News / Africa

Fears Grow of Civil War in South Sudan

People gather at a makeshift camp at the United Nations Mission in South Sudan (UNMISS) compound in Juba Dec. 22, 2013.
People gather at a makeshift camp at the United Nations Mission in South Sudan (UNMISS) compound in Juba Dec. 22, 2013.
Reuters
South Sudan's government said on Sunday rebels had seized the capital of a key oil-producing region and fears grew of all-out ethnic civil war in the world's newest country.
 
The U.N. announced it was trying to rush more peacekeeping forces to landlocked, impoverished South Sudan as foreign powers urged both sides to stop fighting, fearing for the stability of an already fragile region of Africa.
 
The South Sudan government said on its Twitter account it was no longer in control of Bentiu, the capital of Unity State.
 
“Bentiu is not currently in our hands. It is in the hands of a commander who has declared support for Machar,” it said.
 
Information Minister Michael Makuei said on Saturday an army divisional commander in Unity State, John Koang, had defected and joined rebel leader and former vice president Riek Machar, who had named him the governor of the state.
 
But the government in Juba said it was still in control of the oilfields crucial to the economy.
 
U.N. Secretary General Ban Ki-moon told a news conference in Manila the U.N. planned to send resources from other peacekeeping missions in the region to South Sudan.
 
“We are now actively trying to transfer our assets from other peacekeeping missions like MONUSCO (in the Democratic Republic of Congo) ... and some other areas,” he said.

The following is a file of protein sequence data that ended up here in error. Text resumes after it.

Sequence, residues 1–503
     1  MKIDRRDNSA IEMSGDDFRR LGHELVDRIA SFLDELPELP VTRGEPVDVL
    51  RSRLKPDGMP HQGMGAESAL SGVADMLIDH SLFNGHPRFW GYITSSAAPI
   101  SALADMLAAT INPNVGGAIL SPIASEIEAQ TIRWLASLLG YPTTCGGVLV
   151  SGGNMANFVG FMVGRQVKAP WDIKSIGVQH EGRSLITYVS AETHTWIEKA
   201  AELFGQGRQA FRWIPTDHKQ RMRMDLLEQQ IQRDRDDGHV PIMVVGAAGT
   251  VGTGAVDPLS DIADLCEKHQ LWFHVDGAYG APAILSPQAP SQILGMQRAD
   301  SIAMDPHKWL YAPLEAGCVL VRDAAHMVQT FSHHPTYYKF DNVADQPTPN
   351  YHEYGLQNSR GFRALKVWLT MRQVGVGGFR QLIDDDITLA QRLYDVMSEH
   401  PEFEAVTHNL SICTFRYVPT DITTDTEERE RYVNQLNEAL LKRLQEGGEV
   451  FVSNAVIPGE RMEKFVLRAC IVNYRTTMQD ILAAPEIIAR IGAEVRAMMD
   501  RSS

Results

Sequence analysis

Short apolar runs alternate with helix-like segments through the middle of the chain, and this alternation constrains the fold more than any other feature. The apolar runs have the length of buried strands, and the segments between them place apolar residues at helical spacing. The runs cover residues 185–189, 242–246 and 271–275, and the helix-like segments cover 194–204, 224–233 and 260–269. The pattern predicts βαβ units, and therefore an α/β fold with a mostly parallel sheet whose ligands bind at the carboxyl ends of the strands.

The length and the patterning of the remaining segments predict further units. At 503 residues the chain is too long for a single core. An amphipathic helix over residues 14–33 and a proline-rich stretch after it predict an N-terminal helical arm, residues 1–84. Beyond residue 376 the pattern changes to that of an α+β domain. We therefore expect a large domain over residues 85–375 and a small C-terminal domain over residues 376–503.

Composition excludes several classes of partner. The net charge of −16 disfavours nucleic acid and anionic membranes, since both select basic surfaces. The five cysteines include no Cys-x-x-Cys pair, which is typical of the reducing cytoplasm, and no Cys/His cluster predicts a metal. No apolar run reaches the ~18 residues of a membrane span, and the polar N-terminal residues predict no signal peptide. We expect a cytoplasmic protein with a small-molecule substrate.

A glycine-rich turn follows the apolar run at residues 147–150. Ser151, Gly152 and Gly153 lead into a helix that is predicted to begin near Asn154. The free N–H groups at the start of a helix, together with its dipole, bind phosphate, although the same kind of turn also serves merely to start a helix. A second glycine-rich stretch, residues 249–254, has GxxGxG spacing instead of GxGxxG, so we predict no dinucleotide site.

“And we are also seeking support from other key countries [which] can provide the necessary assets,” said Ban.
 
Clashes between rival groups of soldiers in the capital Juba a week ago have spread across the country, which won its independence from Sudan in 2011 after decades of war.
 
President Salva Kiir, from South Sudan's Dinka ethnic group, has accused Machar, a Nuer whom he dismissed in July, of trying to launch a coup. The two men have long been political rivals.
 
Machar dismissed the charge but has since said he is commanding troops fighting the government.
 
Machar sightings
 
Government soldiers had come across Machar with a group of fighters, Foreign Minister Barnaba Marial Benjamin said.
 
“Riek managed to escape, used his boat along the Nile and ended up in his village of Ado and went into Bentiu (the administrative capital of Unity) ... the night before, he attacked government institutions,” Benjamin added.
 
On Friday mediators from other African states met Kiir in Juba for what they called “productive” talks. His government said it was willing to hold talks with any rebel group.
 
Kenyan Lieutenant-General Lazarus Sumbeiywo said on Sunday mediators had not yet made contact with Machar to hear his side of the story.
 
“I don't think it is feasible at the moment under the circumstances ... and so we will find another way of getting to Riek Machar. Not through Juba,” Sumbeiywo told Reuters.
 
The army acknowledged losing the town of Bor in Jonglei State on Wednesday, and the United Nations said oil workers had taken refuge in its bases in neighboring Unity.
 
Reuters television footage showed the government sending more troops on Saturday to Bor - the scene of an ethnic massacre of Dinka in 1991 by Nuer fighters loyal to Machar.
 
Benjamin said Machar had not seized oilfields in Unity.
 
“Of course there is a threat. But ... he is not occupying the oilfields. The oil has been running.”
 
Speaking in Khartoum, South Sudan's Ambassador Mayen Dut Wol also said oil was flowing normally. South Sudan's output of 245,000 barrels per day supplies almost all government revenues and hard currency to buy food and other vital imports.